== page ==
Even so, we’re getting a healthy 437hp or thereabouts, and in a car weighing 1,775kg that’s not bad. The Thunderball accelerates smoothly and keenly, actually feeling far more in tune with the progressive power delivery of its V8 ancestors, rather than the sudden thump of most high-powered EVs. It may not yet be at full potency, but on a twisty back road near the Wiesmann factory (in the town of Dülmen, just outside Essen) we had no trouble at all keeping up with a V8-engined Wiesmann that was leading our convoy. There are actually two electric motors at the rear, feeding the back wheels through a Hewland-designed gearbox and hopefully Wiesmann will be able to preserve this prototype’s progressive power delivery for production.

With that big battery, aero-friendly body, and light (relatively) weight, range should be excellent — reckon on around 300-miles on a full charge. Wiesmann claims that the car will charge quickly too, at up to 300kW from a DC public charging point.

Ride & Handling

Considering this car is a prototype, it drives exceptionally well. There is a very occasional unwanted shimmy from the suspension, which speaks to a need for some final tweaks but otherwise the Thunderball is exceptionally confidence-inspiring. Driving a precious one-off prototype is always a nerve-shredding business, but the Thunderball's precise and talkative steering and its inherently good chassis balance means that you soon end up chucking it around as if you've been driving it for years. It's seriously impressive, and Wisemann's tradition of making cars that are designed to be useable on-road, rather than track-day specials, means that it's comfortable too. The suspension is firm, of course, but deftly damped and never uncomfortable (at least on the mostly smooth German roads of our test drive). How it will feel with full rated power and torque remains to be seen, of course, but this is exceptionally encouraging stuff.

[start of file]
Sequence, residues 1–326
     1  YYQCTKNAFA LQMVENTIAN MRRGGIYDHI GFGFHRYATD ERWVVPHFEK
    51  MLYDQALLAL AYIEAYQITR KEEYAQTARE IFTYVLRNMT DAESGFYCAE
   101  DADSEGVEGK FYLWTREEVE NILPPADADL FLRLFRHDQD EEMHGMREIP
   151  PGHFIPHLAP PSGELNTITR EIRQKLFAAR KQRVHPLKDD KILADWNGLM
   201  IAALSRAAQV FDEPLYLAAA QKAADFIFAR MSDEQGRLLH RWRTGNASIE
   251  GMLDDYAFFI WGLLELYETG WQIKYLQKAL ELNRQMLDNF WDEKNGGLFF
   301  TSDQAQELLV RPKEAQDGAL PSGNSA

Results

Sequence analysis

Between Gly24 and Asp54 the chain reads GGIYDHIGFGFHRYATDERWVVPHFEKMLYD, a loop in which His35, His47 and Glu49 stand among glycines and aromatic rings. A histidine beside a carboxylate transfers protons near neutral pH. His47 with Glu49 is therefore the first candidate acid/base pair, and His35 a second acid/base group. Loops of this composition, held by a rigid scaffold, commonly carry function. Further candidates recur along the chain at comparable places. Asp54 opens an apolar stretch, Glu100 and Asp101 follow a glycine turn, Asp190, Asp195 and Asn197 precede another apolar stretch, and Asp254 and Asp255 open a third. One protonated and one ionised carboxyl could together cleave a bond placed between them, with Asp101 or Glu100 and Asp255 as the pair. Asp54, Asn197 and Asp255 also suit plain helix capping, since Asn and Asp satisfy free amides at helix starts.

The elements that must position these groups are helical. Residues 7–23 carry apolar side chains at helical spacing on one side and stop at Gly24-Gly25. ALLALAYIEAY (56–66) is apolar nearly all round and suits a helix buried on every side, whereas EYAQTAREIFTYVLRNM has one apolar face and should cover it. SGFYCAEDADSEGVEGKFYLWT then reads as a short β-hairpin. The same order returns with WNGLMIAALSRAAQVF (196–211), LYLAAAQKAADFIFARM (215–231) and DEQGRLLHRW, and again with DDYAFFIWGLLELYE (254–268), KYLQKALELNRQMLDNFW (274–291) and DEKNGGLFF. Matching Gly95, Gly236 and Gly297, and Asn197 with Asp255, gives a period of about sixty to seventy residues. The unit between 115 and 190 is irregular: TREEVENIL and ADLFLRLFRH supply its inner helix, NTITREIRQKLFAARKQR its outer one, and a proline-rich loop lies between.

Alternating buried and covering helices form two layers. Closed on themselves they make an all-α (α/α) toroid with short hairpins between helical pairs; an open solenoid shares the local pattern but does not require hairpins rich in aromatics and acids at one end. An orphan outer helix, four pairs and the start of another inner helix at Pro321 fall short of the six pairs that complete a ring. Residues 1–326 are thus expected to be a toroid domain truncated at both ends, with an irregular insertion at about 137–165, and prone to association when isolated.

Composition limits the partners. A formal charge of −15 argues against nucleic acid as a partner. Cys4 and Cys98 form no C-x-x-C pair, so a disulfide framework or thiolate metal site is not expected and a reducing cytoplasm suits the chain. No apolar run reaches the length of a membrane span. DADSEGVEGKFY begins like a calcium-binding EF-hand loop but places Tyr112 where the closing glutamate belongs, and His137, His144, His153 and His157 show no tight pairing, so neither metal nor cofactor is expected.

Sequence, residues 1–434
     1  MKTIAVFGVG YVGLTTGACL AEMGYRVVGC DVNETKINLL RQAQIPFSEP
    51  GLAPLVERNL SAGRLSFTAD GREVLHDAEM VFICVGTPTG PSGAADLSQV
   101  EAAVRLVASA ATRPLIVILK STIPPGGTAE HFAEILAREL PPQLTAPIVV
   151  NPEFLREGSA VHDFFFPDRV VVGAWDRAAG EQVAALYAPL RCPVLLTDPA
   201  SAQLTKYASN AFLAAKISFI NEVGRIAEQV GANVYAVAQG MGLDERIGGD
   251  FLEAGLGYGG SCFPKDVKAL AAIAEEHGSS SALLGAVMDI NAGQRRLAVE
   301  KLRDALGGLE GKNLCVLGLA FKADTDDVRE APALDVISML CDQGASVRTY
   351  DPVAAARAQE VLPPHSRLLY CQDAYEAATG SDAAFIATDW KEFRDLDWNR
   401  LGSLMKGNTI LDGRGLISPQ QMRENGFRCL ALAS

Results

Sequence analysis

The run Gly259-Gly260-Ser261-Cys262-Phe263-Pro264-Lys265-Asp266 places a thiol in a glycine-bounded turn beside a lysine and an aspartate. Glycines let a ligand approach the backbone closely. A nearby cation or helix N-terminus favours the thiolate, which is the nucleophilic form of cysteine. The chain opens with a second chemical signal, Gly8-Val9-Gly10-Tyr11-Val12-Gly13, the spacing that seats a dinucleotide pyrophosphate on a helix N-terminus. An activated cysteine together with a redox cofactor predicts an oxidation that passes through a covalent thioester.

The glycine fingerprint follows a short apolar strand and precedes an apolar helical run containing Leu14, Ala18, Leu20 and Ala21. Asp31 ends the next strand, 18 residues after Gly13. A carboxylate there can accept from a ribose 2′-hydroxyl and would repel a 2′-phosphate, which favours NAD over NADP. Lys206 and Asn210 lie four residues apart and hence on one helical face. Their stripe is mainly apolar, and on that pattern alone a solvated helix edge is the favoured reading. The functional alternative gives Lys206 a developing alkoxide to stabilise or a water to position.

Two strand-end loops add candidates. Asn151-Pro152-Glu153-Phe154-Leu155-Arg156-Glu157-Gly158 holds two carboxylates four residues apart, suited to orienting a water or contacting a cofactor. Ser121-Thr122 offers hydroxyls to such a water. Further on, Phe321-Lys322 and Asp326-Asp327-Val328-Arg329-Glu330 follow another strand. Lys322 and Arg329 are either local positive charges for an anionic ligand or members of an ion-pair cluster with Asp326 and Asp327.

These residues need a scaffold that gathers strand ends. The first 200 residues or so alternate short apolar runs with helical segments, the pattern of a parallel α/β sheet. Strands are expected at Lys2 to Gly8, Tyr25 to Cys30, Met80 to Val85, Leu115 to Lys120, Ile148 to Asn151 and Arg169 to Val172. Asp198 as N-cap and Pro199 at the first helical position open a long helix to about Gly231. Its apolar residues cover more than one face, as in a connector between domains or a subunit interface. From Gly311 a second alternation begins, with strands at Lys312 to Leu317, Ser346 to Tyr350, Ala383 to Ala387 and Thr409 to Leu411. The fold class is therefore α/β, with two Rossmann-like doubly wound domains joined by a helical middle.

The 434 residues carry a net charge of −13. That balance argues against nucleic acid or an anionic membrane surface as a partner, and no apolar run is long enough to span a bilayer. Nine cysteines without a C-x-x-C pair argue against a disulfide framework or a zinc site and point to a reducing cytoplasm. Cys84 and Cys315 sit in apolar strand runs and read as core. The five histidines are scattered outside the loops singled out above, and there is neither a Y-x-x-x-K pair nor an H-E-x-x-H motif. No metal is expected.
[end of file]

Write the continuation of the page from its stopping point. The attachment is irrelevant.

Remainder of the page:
Wiesmann’s CEO, British-born Roheen Berry, has promised that the Thunderball will sell for roughly the same price as its petrol-engined stablemates, which suggests a sticker of around £250,000. That’s certainly not cheap, but so far EV sports cars have been confined to super-expensive stuff like the Rimac Nevera and Pininfarina Battista. This is much more affordable than those, and the Thunderball should steal a lead on the likes of Porsche’s upcoming electric Boxster and the electric version of Maserati’s MC20 supercar if Wiesmann can get the first cars to customers by late 2024, as promised. It will also be rather more exclusive than those cars as Wiesmann only builds a few hundred cars each year. You’d better get your order in quick, though — the first year’s production is already almost sold-out. Right-hand drive production is a possibility, too.


It's a big ask for a small, independent car maker to take on the giants of the motor industry, but the shift to electric power opens up a gap of opportunity for companies such as Wiesmann. Project Thunderball shows that it's grabbing that opportunity with both hands, and while it's still a prototype and not yet operating at full power, this Wiesmann shows huge promise. It's already fun and quick in its detuned form. Imagine what it might be like at full chat...

Neil Briscoe - 18 Nov 2022    - Wiesmann road tests
- Wiesmann news
- Project Thunderball images

2022 Wiesmann Project Thunderball prototype. Image by Wiesmann.2022 Wiesmann Project Thunderball prototype. Image by Wiesmann.2022 Wiesmann Project Thunderball prototype. Image by Wiesmann.2022 Wiesmann Project Thunderball prototype. Image by Wiesmann.2022 Wiesmann Project Thunderball prototype. Image by Wiesmann.

2022 Wiesmann Project Thunderball prototype. Image by Wiesmann.2022 Wiesmann Project Thunderball prototype. Image by Wiesmann.2022 Wiesmann Project Thunderball prototype. Image by Wiesmann.2022 Wiesmann Project Thunderball prototype. Image by Wiesmann.2022 Wiesmann Project Thunderball prototype. Image by Wiesmann.